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End of the Line for The Bottom Line?

A revered nightclub in New York's West Village is being threatened with eviction due to $185,000 owed in back rent.

The Bottom Line Cabaret opened in 1974, with a show featuring Dr. John and Stevie Wonder. An astonishing variety of artists followed over the years: Bruce Springsteen. Neil Young. Dolly Parton. Aaron Copland. The Ramones. A parade of jazz greats and many lesser lights who can still say they made an appearance at The Bottom Line.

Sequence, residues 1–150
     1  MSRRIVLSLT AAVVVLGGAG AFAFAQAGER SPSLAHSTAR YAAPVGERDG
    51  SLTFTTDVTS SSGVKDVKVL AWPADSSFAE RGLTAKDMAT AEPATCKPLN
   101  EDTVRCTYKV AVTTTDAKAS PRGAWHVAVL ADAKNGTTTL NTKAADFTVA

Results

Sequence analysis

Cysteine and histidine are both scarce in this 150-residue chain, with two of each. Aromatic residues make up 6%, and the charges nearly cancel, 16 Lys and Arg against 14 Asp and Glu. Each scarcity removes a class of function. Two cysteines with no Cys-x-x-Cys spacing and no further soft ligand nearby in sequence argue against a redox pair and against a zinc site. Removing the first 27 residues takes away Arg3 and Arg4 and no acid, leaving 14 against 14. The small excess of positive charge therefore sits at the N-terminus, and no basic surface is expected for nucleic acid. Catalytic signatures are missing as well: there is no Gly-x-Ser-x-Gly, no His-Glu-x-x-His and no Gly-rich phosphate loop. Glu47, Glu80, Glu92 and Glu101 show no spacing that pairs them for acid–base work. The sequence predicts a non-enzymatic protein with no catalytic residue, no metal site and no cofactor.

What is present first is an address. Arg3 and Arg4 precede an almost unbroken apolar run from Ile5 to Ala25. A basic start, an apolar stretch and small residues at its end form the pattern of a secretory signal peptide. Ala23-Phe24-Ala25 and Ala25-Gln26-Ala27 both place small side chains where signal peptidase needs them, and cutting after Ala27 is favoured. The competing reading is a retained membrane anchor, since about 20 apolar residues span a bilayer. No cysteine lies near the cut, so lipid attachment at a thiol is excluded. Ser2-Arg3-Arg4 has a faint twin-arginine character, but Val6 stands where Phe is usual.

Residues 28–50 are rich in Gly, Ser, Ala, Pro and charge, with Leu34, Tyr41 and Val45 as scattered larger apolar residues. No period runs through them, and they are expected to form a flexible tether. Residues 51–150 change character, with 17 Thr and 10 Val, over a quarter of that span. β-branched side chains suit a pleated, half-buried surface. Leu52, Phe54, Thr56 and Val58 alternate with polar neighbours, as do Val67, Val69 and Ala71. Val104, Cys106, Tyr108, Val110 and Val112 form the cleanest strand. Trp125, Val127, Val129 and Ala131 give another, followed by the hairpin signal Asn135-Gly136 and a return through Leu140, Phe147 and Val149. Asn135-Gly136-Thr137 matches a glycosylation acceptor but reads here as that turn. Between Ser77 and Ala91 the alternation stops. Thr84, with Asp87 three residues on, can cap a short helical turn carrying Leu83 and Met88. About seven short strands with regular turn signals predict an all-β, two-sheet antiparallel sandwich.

Allan Pepper is a co-founder of The Bottom Line, and he's been at almost every show since the club opened. Now he's in a court battle with the building's owner, New York University, as he tries to keep the venue open. NPR's Jennifer Ludden talks to Pepper about the club's past and future.

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Jennifer Ludden helps edit energy and environment stories for NPR's National Desk, working with NPR staffers and a team of public radio reporters across the country. They track the shift to clean energy, state and federal policy moves, and how people and communities are coping with the mounting impacts of climate change.

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